PBS 'Playhouse' Faces Prospect of Fading Role : Television: After the next two seasons, productions will likely drop from nine to five.

TIMES STAFF WRITER

The question from Ward Chamberlin, chairman of "American Playhouse" and a longtime stalwart in public television, came almost plaintively: "Do you get any hints from Jennifer about what PBS plans for American drama?"

In the arena of public TV, that question has now taken center stage.

The answer, it turns out, is quite hazy.

Chamberlin, who headed WETA in Washington for 16 years, is talking about Jennifer Lawson, PBS' executive vice president of programming, and the decision to drastically cut funding to his New York-based production house--a move that dramatically downsizes "Playhouse's" role in public broadcasting. As matters now stand, production specifically for PBS will come to a halt in about two years.

For 13 seasons, since its January, 1982, debut with John Cheever's first original teleplay, "The Shady Hill Kidnapping," "American Playhouse" has dominated the landscape of American drama on PBS. It was created specifically for that purpose, and to counter the perception that PBS cared more about British imports such as "Masterpiece Theatre" and "Mystery!" than productions by and about Americans--who, after all, foot its bills.

Of 181 "Playhouse" productions to date, more than 40 were released first as feature films, including "Stand and Deliver," "Longtime Companion," "El Norte," "Testament" and "The Thin Blue Line." They then had TV premieres on PBS. But the series' signature work was always original drama, such as "A Walk in the Woods," "True West," "Sunday in the Park With George," "Who Am I This Time?" and the adaptation of Armistead Maupin's "Tales of the City" that aired in January and was PBS' highest-rated dramatic miniseries in more than a decade.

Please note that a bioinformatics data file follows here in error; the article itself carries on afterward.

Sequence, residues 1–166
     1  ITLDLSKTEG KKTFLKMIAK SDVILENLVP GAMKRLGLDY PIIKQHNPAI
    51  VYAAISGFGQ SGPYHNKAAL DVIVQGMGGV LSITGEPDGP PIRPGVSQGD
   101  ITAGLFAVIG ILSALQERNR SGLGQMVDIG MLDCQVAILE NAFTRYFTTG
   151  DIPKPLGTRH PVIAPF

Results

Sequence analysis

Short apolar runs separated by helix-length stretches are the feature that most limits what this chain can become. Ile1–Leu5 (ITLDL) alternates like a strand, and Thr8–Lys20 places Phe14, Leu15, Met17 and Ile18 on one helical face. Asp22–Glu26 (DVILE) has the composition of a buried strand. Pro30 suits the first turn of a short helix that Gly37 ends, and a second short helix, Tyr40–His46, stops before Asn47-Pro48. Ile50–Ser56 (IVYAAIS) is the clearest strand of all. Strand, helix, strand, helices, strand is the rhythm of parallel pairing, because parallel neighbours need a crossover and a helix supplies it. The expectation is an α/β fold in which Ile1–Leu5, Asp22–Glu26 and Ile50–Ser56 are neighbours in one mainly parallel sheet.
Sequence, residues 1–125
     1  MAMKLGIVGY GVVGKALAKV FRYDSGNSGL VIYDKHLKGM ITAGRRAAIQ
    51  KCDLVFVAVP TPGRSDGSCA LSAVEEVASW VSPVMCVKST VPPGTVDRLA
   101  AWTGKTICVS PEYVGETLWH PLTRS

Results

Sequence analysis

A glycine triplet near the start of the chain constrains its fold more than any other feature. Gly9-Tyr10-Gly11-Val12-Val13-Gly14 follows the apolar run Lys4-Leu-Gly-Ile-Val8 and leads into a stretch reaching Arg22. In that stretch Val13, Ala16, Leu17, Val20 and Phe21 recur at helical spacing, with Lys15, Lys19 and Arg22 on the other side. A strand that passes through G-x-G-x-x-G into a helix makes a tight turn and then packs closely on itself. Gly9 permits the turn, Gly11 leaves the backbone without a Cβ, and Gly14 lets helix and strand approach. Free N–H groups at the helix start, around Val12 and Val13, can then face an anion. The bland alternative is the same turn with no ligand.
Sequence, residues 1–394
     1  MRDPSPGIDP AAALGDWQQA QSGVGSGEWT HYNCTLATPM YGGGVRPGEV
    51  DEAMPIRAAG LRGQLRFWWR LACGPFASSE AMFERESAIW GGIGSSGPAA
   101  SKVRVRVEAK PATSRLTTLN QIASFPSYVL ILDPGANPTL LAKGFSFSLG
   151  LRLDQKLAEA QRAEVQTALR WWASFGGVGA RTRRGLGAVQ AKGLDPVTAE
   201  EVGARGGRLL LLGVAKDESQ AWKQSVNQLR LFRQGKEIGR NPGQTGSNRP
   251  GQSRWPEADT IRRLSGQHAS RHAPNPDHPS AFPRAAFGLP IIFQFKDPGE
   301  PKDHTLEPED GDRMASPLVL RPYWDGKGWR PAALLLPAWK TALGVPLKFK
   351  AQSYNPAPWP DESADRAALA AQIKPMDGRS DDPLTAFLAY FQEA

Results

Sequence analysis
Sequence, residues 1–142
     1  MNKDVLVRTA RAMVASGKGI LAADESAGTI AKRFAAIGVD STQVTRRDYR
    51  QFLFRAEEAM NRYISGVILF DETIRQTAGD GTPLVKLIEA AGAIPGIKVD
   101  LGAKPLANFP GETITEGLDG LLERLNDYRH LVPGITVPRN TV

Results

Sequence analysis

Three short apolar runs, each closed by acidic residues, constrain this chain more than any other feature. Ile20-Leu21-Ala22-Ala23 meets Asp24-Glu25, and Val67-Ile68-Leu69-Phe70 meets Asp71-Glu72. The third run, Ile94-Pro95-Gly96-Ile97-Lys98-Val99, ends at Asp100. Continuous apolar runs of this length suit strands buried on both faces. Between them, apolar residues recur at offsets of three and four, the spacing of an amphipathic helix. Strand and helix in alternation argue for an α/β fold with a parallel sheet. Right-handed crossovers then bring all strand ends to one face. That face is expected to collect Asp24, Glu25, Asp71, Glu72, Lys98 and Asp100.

In March, however, "American Playhouse" made the stunning announcement that it was going commercial--becoming an independent film production company, Playhouse Pictures Inc. PBS, citing financial pressures, said it would be scaling back funding for the series, from $6.7 million this fiscal year and next to $1.7 million in 1995-96 and $857,550 in 1996-97.

At first, PBS viewers won't notice the difference. According to Lindsay Law, president of "American Playhouse," the same number of productions that were presented this season will be broadcast in each of the next two seasons--nine (half of what was served up in the first season, when "American Playhouse" was presented weekly instead of its present sporadic schedule).

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Then the number is likely to drop to about five per year for three years--these being the 15 movies that Playhouse Pictures hopes to make in the next three years in partnership with the Samuel Goldwyn Co. Following theatrical release, the initial five will have their TV premieres on PBS, but the other 10 are expected to be shown first on cable.

Nothing is certain after that with regard to "American Playhouse," but Lawson and other PBS officials hope Playhouse Pictures will be successful enough to continue suppling the non-commercial network with five films a year.